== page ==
Randy Cierley

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Randy Cierley -- who is often credited as Randy Sterling, and sometimes as Randy Steirling, Randy Stierling, and Randy Cerley -- grew up in Bakersfield, CA, and took up guitar and bass at an early age,…
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Randy Cierley -- who is often credited as Randy Sterling, and sometimes as Randy Steirling, Randy Stierling, and Randy Cerley -- grew up in Bakersfield, CA, and took up guitar and bass at an early age, just in time to catch the full second wave of rock & roll at the end of the '50s as a high school student. In high school, he played with Rick Lee & the Barons, backing the Paradons on their single "Diamonds and Pearls" in 1959. Soon after that he played on another single, "Lovers Island" by the Blue Jays, and after that he headed to Los Angeles with the intention of being a professional musician. He played hundreds of sessions over the next few years -- he wasn't always sure what the session was for or who the artist was whose voice would finally end up on it -- in 2004, he recalled a series of sessions with Gerry McGhee and Larry Taylor (later of Tommy Boyce and Bobby Hart's backing band) under the name the Blue Hills, of an album of "folk songs with a beat," but he never knew if it was released. He does remember playing on lots of sessions with Randy Sparks of the New Christy Minstrels, but it was when he went to work for Sonny & Cher and also for Cher as a solo artist that he hit his stride, playing on "All I Really Want to Do" and "I Got You Babe," among other songs for them.

Partly complicating a list of his credits was the fact that he changed his name to Randy Sterling during this period, because of people's difficulty spelling or pronouncing Randy Cierley -- but that was still how he got his checks, and he found any of four variations turning up on session records, when he was credited at all. Among the stranger sessions that he played in the mid-'60s was the one for the Kingston Trio album Somethin' Else, on which the folk trio tried, for the first and only time, for an electric rock sound. He recalled that set of sessions as "truly somethin' else," because the three folk musicians clearly weren't comfortable with the sound they were aiming for -- "John [Stewart] thought he was more of a rock and roller than he really was," he remarked of the sessions, which yielded songs that sounded like the folk trio being backed, variously, by the Byrds, the Standells, and the Sir Douglas Quintet, and did get Cierley a composing credit. It was out of those sessions that he went to work with the trio's manager, Frank Werber, arranging "You Were on My Mind" and co-producing the Sons of Champlin and the Association, among other acts.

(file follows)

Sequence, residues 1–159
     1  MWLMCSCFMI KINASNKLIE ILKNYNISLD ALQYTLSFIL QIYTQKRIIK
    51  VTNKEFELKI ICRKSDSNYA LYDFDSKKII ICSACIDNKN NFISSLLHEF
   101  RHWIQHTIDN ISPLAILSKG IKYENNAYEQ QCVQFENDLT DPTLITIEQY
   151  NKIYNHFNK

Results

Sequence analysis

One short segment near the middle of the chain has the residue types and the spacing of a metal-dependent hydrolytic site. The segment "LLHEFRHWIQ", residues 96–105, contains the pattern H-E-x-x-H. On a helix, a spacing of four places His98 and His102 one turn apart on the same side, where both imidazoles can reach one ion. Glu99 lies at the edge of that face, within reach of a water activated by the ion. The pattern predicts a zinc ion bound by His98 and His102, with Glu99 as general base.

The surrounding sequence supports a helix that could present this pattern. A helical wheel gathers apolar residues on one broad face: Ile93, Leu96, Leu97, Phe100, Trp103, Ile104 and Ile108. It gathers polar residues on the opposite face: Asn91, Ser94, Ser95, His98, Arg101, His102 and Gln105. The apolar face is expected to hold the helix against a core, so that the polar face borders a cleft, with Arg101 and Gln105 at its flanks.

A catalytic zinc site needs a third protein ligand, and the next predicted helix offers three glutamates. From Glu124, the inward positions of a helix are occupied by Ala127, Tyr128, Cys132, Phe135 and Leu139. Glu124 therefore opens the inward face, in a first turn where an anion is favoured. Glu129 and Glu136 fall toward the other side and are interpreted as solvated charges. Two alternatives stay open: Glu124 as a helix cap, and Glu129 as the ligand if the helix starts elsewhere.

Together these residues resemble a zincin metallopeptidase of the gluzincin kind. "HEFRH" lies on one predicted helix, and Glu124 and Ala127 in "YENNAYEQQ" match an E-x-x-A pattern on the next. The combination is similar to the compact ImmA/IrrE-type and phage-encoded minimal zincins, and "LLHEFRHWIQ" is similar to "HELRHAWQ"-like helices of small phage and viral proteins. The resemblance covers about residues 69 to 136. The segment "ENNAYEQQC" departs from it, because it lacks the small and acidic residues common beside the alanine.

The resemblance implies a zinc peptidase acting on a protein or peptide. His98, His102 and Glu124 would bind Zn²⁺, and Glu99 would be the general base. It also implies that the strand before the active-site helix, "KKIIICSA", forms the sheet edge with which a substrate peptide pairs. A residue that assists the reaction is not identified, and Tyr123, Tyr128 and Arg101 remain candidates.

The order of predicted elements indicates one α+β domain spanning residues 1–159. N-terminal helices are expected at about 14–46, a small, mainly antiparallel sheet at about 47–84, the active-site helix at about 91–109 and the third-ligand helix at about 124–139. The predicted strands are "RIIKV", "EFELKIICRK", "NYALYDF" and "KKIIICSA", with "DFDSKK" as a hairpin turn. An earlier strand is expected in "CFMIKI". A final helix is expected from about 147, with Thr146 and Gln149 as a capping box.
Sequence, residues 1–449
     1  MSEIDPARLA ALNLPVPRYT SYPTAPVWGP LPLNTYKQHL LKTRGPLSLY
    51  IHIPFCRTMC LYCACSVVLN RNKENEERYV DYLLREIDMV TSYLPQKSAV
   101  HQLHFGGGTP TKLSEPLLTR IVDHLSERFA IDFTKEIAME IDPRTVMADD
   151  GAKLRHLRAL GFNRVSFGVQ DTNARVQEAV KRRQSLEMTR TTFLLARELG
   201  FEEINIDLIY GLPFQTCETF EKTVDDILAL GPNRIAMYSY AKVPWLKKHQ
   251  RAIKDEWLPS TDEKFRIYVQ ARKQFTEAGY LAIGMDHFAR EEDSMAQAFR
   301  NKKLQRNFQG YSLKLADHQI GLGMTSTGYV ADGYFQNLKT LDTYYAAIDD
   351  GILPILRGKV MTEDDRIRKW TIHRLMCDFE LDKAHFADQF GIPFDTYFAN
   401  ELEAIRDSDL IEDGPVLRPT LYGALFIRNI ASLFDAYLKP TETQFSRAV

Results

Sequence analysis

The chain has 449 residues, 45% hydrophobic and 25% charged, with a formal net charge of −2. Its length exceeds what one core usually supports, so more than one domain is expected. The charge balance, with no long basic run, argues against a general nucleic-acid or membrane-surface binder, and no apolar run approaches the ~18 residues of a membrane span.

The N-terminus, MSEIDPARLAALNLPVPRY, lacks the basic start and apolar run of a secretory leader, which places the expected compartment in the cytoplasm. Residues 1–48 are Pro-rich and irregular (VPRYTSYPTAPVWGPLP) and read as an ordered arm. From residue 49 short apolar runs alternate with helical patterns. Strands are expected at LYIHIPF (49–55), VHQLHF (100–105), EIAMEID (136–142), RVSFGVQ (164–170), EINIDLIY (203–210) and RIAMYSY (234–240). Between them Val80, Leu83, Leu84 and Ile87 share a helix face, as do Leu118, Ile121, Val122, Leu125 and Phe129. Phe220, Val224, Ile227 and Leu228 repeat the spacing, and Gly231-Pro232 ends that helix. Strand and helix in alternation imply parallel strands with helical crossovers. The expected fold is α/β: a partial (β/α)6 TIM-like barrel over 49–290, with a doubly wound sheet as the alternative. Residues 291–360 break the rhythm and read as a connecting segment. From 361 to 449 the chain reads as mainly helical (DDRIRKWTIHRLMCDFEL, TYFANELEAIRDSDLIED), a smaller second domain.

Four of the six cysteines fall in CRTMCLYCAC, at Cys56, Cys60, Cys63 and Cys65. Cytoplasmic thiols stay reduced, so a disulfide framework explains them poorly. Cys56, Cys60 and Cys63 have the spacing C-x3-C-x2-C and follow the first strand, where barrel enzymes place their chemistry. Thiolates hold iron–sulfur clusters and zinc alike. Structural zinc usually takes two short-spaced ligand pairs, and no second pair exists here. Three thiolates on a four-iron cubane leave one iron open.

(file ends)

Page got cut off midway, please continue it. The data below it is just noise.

He later engaged in an abortive attempt to cut an album as part of an official group with drummer Jim Keltner for Warner Bros. that got buried under studio politics, though he and Keltner ended up working together for a long time afterward on other people's sessions. He spent three years working as part of the road band behind Neil Diamond and ended up being one of the busiest session musicians in Los Angeles as a result, playing with Frank Zappa, J.D. Souther, Jackson Browne, Frank Sinatra, and Cal Tjader, among numerous others. After a few years of this, however, he decided to pull back and spent seven years as a photographer, ending up working in video and audio production for commercials. His plans to establish his own company came to an abrupt end, however, when a motorcycle accident left him paralyzed below the chest and confined to a wheelchair. In the wake of that disaster, he lost his wife and his family, He survived long enough to meet up with some other musicians and become part of a trio called Spare Change with David Morgan and Stacey Slaughter in the early '90s. He has continued to play -- and recorded four albums with Spare Change -- since then.